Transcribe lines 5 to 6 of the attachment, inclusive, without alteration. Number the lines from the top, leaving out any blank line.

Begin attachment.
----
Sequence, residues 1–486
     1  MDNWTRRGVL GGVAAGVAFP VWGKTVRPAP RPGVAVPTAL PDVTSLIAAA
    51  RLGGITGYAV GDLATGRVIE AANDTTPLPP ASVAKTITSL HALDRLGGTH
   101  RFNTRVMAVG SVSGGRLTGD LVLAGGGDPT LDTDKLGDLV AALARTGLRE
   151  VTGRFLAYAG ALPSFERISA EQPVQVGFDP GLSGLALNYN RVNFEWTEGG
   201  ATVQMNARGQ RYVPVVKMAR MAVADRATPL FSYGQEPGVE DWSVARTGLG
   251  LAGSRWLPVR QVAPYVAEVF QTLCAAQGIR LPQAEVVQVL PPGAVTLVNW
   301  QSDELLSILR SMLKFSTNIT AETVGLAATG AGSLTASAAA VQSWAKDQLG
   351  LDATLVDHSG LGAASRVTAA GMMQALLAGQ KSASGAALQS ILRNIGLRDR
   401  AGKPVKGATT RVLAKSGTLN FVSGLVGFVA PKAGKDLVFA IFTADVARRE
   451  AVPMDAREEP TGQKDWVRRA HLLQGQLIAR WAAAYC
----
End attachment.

   151  VTGRFLAYAG ALPSFERISA EQPVQVGFDP GLSGLALNYN RVNFEWTEGG
   201  ATVQMNARGQ RYVPVVKMAR MAVADRATPL FSYGQEPGVE DWSVARTGLG